This is the age of social media. Instagram. Twitter. Facebook. YouTube. The quip, the hot take, the alluring image. Likes, click-throughs, and shares are the currency of the realm.
But there is still a great need for the humble, stodgy, curmudgeonly blog.
While great work is being done by scholars and others on Twitter, the format doesn't work well with long-form pieces, and social media drama (status signalling, call-outs, etc.) tends to drown out the signal with too much noise. And certain platforms, such as Facebook, are difficult to search and don't seem to function well as a digital archive for important information.
Medium is perhaps an exception to the general trend toward short and noisy communiques. The platform is designed for the long-form essay; but it still seems rife with clickbait titles and mostly vapid posts. Perhaps this is because Medium uses algorithms to direct users' attention to other posts in order to sustain their engagement, much like YouTube does for videos.
In any event, here are a few fine examples of active (or recently active) blogs that show the medium's great potential as a platform for sophisticated thought and analysis:
- Marginal Revolution: Two George Mason economists discuss economics, policy, the arts, and more.
- Slate Star Codex: Brilliant analysis by "Scott Alexander." Currently in hibernation because of drama with the New York Times, but, as the saying goes, "that is not dead which eternal lies, and with strange eons even death may die."
- Applied Divinity Studies: A worthy successor to Slate Star Codex. Applies critical thinking and statistical analysis to vexing problems.
My own colleague at Pasadena City College, Ed Feser, has been hugely successful at making his personal blog a platform for sharing his (conservative Catholic) political, religious, and philosophical views, and his blog serves as a gathering place for people of like minds. This is yet another example of the conintuing power and relevance of blogging as a medium.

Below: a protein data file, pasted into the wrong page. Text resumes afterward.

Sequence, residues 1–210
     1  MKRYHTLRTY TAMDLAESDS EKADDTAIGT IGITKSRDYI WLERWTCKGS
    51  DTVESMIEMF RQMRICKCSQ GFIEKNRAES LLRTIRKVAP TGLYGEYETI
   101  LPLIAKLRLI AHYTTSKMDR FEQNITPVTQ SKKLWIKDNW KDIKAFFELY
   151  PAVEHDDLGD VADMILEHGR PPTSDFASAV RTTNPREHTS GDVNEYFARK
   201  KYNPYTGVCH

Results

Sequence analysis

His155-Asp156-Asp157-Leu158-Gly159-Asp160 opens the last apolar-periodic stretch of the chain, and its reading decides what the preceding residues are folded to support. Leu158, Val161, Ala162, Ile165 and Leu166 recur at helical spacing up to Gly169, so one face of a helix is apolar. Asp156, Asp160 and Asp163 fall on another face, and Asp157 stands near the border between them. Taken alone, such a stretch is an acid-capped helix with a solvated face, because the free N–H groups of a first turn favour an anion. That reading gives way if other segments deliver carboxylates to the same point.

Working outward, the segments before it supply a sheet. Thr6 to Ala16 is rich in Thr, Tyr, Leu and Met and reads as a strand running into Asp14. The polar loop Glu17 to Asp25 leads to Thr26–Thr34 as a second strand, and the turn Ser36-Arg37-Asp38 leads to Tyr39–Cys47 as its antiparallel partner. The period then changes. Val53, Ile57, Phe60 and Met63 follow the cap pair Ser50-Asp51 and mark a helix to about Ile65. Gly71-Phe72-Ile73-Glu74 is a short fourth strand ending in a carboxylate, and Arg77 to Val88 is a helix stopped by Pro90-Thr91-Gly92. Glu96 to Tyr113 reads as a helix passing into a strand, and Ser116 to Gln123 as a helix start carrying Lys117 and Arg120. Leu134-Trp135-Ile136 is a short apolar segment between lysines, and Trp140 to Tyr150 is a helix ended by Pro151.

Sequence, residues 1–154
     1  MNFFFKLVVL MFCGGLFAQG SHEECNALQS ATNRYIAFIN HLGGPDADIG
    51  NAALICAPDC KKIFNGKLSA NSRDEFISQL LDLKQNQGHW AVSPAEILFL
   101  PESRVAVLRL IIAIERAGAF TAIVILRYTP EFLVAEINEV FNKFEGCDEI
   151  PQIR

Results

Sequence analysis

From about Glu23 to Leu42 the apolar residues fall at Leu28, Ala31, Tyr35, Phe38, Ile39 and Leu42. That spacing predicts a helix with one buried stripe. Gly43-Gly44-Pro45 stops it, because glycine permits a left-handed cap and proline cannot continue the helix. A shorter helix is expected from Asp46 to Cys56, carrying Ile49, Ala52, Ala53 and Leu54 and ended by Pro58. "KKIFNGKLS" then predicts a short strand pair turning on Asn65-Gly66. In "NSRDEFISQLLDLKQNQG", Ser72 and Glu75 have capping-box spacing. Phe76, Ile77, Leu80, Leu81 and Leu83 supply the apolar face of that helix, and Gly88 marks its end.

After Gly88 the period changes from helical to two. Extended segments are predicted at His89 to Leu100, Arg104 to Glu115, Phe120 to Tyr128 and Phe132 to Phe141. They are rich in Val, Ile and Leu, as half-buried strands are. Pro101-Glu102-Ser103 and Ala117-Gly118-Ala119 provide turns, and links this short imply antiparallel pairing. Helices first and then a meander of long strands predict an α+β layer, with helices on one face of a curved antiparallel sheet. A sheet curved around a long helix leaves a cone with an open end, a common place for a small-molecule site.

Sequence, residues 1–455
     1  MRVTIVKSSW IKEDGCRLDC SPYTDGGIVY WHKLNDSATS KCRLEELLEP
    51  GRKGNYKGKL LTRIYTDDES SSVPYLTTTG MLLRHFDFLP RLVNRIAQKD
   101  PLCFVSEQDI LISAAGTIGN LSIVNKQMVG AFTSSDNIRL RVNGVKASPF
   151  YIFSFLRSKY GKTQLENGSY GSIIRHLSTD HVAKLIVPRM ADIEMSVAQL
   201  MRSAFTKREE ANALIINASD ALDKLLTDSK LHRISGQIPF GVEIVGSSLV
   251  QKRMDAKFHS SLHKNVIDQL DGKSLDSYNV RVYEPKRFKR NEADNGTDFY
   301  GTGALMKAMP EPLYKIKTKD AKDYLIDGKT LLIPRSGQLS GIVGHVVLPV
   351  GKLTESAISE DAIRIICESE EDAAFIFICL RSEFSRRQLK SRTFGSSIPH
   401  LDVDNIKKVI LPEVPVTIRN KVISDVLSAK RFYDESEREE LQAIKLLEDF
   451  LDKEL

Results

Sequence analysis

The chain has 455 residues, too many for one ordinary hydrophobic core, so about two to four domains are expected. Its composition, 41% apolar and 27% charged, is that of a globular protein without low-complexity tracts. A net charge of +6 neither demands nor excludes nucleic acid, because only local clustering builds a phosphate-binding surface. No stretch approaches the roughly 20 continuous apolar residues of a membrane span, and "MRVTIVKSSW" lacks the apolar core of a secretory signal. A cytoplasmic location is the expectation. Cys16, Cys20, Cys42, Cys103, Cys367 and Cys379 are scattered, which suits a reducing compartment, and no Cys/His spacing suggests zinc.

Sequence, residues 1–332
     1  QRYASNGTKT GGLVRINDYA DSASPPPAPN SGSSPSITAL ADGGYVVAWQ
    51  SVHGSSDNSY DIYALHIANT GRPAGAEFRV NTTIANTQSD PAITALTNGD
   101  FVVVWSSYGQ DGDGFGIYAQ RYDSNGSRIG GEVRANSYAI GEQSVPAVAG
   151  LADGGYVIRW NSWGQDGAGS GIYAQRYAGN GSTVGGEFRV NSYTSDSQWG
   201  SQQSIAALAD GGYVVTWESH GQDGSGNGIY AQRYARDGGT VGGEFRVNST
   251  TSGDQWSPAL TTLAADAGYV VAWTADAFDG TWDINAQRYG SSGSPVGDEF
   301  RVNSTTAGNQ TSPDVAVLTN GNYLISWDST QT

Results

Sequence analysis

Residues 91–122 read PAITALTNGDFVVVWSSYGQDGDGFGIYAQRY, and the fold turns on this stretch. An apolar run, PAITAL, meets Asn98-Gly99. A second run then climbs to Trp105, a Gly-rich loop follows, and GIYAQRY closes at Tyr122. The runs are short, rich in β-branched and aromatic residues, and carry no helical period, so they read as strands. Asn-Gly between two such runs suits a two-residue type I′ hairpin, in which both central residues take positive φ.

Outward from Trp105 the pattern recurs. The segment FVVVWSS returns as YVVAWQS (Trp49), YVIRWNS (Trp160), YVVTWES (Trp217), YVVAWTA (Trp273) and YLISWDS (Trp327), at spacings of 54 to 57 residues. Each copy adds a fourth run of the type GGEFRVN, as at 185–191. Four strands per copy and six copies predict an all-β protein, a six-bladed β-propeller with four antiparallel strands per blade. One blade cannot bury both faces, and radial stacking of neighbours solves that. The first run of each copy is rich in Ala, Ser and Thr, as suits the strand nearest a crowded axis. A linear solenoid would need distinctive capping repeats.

When I look at my online reading, much of it is still of blogs, accessed through Feedly (an RSS aggregator). I imagine there are still many journalists and perhaps some academics who are similar in their information consumption habits.
In addition to a decline of blogs due to the new (and relentless) attention economy that drives what happens on the internet these days, there also seems to be an issue of popularity or fashionability. People follow trends and imitate what other people do and believe, especially people they perceive to be of higher social status. It's no longer cool, fashionable, hip, or trendy to blog. Sadly, this loss of social status of blogs seems independent of their actual usefulness or functionality.
(On a related note, a similar case could be made for the continuing relevance of the humble, stodgy, curmudgeonly, and decidedly unfashionable internet discussion forum or bulletin board. A lot of useful and focused work is still being done on forums in obscure corners of the internet.)
Because of all this, it is my sincere hope that the great thinkers and makers of our time return to blogging, or that they start blogging, if they never experimented with it before. We need a blogging Renaissance.
Also because of this, I have decided to start blogging again, using my old personal blog. I may not find much of a readership, but it seems like a better place for sticking my random thoughts and lists of links and resources (mainly for students) than private emails or the social media cesspit. So here we go.